• nicole22323

Your Progress is Deeper Than The Data


If you’re not measuring, how do you track your progress?


I believe in tracking... it's the only way to know if you're...

A - improving

B- stagnant

C- going in the wrong direction.


Below, I have listed some traditional metrics that are used to gauge progress with your nutrition and training:

  1. Scale weight, body fat and muscle mass

  2. Body part girths (thighs, waist, arms, hips, etc.)

  3. Athletic performance measures (strength, speed, power, endurance, etc.)

  4. Blood variables and bio-markers (cholesterol, blood sugar, blood pressure, heart rate, etc)

  5. Visual progress (progress photographs)


However, I think that people place too much emphasis on these metrics alone. It's so easy to become fixated on that data and forget about learning to tune into our bodies.


Aside from tracking your body composition and taking progress photos, I would like for you to consider some other ways to help you determine if your nutrition plan is serving you positively.


I need you to understand that our bodies are complex.


They change in many ways — ways that are often intangible or subtle. We feel and function differently, though we can’t always say exactly how.


Long before we lose any weight or body fat, small signs of progress show themselves… you just have to listen to and get in tune with your body.


Progress means..

  1. You feel satisfied after meals.

  2. You have more energy

  3. You’re sleeping better

  4. Your digestion is better

  5. Your skin is better

  6. You’re more consistent with great habits (you don’t quit after a few days)

  7. You can lift more weight

  8. You can do more reps

  9. Your technique has improved

  10. You’re not getting injured

  11. Your clothes are fitting just a little bit looser (or tighter)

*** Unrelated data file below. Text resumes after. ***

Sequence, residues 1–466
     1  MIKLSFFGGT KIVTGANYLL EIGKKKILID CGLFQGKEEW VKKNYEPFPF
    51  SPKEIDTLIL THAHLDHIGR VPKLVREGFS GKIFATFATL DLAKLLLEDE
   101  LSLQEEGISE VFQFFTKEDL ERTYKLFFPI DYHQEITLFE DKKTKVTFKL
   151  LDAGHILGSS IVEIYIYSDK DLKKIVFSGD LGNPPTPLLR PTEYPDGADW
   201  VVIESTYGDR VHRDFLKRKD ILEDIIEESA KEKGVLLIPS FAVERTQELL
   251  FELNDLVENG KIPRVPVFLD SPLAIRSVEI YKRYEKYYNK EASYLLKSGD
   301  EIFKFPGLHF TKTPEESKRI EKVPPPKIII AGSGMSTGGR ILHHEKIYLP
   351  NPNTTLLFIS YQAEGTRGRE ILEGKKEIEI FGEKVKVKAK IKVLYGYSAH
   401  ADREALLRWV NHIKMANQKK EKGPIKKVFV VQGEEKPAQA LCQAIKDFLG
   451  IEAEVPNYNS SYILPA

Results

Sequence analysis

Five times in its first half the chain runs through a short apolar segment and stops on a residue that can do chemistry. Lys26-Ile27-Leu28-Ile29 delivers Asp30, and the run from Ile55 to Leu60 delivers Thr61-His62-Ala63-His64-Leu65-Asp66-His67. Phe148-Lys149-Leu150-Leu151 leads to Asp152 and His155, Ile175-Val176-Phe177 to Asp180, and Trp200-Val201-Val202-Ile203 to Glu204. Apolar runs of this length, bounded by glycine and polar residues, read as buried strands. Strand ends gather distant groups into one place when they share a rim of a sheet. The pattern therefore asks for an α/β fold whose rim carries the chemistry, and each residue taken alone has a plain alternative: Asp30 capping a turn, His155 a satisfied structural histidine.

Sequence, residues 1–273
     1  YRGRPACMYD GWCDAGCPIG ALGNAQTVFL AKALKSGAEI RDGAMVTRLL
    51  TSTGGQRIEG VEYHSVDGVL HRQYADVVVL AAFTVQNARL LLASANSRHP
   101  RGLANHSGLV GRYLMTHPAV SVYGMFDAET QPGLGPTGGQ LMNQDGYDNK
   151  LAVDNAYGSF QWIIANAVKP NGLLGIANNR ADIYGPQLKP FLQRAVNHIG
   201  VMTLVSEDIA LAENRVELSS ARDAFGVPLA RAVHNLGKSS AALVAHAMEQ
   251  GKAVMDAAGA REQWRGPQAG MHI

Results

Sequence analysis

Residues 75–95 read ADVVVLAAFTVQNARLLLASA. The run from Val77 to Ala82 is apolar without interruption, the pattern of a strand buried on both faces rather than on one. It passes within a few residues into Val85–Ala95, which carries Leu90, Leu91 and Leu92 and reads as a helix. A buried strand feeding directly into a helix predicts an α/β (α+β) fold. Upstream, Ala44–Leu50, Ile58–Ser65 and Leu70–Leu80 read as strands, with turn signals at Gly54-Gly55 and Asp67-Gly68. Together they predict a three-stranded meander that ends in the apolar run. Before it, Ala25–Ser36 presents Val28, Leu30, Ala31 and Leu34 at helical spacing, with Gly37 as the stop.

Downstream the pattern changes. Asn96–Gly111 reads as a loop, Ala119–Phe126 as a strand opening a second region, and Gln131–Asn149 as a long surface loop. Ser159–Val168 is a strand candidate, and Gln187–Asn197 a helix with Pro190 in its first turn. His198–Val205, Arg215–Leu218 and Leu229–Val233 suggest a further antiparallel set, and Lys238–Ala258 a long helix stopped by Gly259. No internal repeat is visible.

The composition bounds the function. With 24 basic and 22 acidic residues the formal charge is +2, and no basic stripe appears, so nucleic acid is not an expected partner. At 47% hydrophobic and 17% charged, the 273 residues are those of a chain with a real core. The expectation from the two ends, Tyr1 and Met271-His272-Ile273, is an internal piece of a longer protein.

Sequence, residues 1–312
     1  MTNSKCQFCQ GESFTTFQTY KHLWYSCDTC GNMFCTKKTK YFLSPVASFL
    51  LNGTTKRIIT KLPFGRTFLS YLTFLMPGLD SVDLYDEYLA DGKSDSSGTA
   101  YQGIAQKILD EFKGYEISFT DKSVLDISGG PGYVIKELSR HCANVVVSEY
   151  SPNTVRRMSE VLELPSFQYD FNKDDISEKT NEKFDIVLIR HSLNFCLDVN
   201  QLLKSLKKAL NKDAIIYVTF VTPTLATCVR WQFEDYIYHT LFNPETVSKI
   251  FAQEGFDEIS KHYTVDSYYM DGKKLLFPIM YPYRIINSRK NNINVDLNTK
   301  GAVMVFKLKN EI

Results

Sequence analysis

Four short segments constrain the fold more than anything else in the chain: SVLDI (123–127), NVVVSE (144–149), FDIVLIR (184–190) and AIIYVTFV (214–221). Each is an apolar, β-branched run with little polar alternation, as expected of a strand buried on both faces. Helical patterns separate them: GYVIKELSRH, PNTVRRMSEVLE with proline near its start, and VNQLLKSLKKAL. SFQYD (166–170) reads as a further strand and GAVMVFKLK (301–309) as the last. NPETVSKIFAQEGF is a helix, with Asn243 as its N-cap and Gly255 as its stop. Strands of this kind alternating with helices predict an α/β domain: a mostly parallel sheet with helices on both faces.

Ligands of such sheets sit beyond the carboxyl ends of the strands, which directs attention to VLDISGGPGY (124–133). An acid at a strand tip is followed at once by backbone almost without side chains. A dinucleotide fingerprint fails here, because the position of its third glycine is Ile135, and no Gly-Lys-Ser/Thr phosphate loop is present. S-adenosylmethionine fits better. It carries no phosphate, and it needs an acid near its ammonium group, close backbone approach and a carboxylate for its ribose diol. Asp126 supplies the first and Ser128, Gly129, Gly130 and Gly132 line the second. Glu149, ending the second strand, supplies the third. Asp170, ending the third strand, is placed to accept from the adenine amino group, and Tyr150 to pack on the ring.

12. You’re in a better mood

  13. You’re stronger and have more endurance in your workouts

  14. It feels more like a lifestyle than a diet

  15. You no longer say terrible things about yourself, like putting yourself down

  16. Your perspective of food and exercise has shifted from a negative one to a positive and empowering one

  17. You now motivate others

  18. You’re not coping with stress with alcohol or food

  19. You don’t think of foods of “bad” or “cheat day/meal”... You don’t have a restrictive diet mentality

  20. You’re not gaining weight or going backwards during stressful times or holidays

This is not a finite list... but some of the many, many milestones you can and should celebrate.


Remember, I'm all about focusing on positive progress and avoiding goals like perfection.


Positive progress leads to more compliance and consistency. The more consistent and compliant you are, the better results you'll get. And the positive feedback loop continues!


Also, change isn't linear. You will not always continue to improve or improve at the same rate.


Your progress will plateau or become stagnant - especially when you're tracking with the traditional data listed above. This is when you have to mentally check yourself, stop fixating on data and focus on some of the feels :)


If you’re in a “diet mentality”, each day feels like a new battle to avoid the “bad foods”.


So let’s flip that. Focus on adding, not subtracting.


Try not to fixate on things like...

“avoiding” your “junk food”.

“avoiding” your prepackaged meals.

“avoiding” dessert.


Just add so much healthy stuff — water, lean protein, fresh fruit and vegetables — that there’s less room or desire left over for food that doesn’t support your goals.


And at first, look for what you gain rather than what you lose. Like muscle. Strength. Confidence. Energy. Sanity. Satisfaction.


You can do this. I know you can. I believe in you… now it’s time for YOU to believe in you.


You owe it to yourself. You are worthy of your goals. You are worth the investment.


Now go lift your weights and eat your carbs!


-Nicole, owner Elevate St. Pete

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